Similarly, be aware of increased scrutiny of interlocking directorships and minority shareholdings. Wherever there is active involvement by investors in competing investee companies, there is a risk that possible anti-competitive information exchange or coordination could occur. The DoJ has been particularly vocal, with Kanter recently saying the DoJ is “ramping up efforts to identify violations” and that it will “not hesitate to bring… cases to break up interlocking directorates”. Indeed, in October, seven executives stepped down from five corporate boards following DoJ concerns.

Where a fund has minority shareholdings in competitor companies, compliance with antitrust rules should be paramount: information controls should be put in place to ensure that the independent companies are not sharing information through an investor; and directors should be given enhanced training regarding antitrust risks.

3. Mitigate general antitrust risk pre-completion

There are two separate but related risks that need to be guarded against in the pre-completion period. First, ‘gun-jumping’, which occurs where a transaction is implemented (including by exerting influence meeting the relevant definition of control), without the required clearance or approvals under merger control rules. This is often punishable by large financial penalties. The utmost care should, therefore, be taken not to implement a transaction inadvertently.

Second, there is a risk of sensitive information being shared during due diligence and/or integration planning – during which the parties must continue to operate independently. In M&A relating to a competitor (including a fund manager on behalf of a portfolio company), the key principle is that it is only appropriate to share information that is absolutely necessary to allow the buyer to make a decision on whether to acquire the target (and at what price). This will often not extend to pre-completion integration planning. Enforcers now expect that information will only be shared under a suitable non-disclosure agreement addressing the purpose of review of information and subsequent destruction/return on conclusion of negotiations. In addition, where competitively sensitive information needs to be shared, this will often need to be carried out with a "clean team" agreement in place.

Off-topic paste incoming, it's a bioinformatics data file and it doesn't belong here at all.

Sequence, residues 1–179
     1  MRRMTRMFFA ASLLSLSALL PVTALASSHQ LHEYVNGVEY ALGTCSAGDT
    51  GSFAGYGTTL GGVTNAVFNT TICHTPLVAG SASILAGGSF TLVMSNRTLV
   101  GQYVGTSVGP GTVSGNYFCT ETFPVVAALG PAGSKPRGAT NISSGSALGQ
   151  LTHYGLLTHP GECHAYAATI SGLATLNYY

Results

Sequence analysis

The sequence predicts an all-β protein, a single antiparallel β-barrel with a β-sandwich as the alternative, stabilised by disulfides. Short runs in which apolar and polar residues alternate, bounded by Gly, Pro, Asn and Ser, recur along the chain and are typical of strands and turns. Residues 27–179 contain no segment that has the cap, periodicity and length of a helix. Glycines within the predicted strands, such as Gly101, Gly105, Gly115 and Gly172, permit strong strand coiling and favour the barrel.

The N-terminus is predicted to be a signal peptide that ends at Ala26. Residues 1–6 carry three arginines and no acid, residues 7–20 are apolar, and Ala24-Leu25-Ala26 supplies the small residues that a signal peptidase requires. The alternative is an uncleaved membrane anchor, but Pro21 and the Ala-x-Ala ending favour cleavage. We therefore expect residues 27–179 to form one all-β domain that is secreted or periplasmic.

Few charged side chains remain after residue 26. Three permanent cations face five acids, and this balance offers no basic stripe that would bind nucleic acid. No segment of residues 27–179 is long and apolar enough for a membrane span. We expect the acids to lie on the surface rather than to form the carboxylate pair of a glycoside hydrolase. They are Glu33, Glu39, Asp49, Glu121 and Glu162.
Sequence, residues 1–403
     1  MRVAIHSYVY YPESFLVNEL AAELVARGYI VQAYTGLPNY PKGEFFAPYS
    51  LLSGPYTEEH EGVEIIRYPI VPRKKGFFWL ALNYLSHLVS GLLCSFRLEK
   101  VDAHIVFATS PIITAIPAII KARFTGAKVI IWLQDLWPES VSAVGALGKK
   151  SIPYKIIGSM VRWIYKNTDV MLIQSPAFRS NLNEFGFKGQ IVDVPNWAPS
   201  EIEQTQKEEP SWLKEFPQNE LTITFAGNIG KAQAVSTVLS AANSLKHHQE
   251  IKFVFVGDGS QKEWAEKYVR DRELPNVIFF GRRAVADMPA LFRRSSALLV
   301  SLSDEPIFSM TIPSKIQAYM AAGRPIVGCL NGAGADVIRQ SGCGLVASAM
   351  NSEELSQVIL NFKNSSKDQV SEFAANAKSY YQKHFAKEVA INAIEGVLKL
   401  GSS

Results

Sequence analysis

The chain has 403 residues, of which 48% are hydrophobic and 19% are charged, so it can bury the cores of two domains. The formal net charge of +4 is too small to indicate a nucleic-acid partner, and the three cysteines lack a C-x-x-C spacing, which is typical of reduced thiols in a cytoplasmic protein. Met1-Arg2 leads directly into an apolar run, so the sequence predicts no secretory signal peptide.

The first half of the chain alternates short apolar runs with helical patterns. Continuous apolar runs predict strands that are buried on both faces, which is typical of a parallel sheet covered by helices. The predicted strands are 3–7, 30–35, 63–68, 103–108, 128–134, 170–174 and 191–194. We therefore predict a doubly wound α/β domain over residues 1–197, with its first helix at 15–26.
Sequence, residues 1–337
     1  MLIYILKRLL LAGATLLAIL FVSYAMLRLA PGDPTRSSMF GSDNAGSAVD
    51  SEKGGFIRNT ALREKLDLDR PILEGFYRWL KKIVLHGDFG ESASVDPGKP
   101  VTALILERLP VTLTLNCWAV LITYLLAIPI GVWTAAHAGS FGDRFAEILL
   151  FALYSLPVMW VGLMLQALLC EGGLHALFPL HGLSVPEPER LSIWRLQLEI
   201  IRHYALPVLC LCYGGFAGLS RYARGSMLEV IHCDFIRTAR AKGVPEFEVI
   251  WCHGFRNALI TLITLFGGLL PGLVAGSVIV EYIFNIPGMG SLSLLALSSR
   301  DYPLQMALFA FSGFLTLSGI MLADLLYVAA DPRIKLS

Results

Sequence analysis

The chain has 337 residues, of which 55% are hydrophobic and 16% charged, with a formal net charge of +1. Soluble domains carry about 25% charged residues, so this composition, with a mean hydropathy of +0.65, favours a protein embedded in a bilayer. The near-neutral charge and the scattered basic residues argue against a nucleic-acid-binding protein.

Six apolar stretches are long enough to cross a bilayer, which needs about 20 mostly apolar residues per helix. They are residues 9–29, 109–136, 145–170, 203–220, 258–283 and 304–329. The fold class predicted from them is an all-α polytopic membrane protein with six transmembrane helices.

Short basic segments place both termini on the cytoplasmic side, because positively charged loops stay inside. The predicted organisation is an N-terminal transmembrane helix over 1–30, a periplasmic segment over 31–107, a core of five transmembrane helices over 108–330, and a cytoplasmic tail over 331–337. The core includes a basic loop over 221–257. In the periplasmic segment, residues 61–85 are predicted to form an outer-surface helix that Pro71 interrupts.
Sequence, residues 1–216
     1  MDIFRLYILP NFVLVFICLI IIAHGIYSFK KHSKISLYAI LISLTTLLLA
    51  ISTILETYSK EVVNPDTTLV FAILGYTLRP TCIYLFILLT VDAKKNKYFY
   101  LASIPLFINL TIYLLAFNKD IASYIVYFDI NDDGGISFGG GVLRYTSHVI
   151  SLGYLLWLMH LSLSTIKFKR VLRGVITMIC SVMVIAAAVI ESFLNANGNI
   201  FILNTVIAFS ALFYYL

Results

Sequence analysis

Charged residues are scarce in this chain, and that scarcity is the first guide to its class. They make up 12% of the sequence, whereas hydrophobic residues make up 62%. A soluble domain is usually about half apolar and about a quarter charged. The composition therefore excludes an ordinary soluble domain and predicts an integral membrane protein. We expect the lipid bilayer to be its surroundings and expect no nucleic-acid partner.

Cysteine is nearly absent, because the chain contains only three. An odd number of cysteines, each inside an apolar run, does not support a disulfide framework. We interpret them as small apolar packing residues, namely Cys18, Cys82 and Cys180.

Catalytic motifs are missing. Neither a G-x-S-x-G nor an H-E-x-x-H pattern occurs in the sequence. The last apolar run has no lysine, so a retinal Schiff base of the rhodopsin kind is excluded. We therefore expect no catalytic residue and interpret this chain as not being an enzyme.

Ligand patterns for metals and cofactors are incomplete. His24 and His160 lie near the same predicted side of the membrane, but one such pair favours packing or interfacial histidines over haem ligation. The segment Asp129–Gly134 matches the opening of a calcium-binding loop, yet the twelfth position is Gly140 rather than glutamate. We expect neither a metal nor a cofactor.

4. Prepare for a clean exit

PE managers investing in the EU and UK should be aware that they (i.e. the management company) can be held directly liable for antitrust infringements by portfolio companies during their period of ownership, even many years after they have been sold. All an authority needs to show is that the manager controlled the company – this is presumed for wholly-owned companies. Disgruntled customers – including through collective actions backed by funders – can equally pursue the parent for cartel damages in court. By contrast, in the US, PE managers may be held liable only if there is evidence that they “independently participated” in the antitrust infringement; mere ownership is not sufficient.

Finally, undertake a risk assessment for each new investment to confirm its antitrust compliance framework is adequate and operating effectively.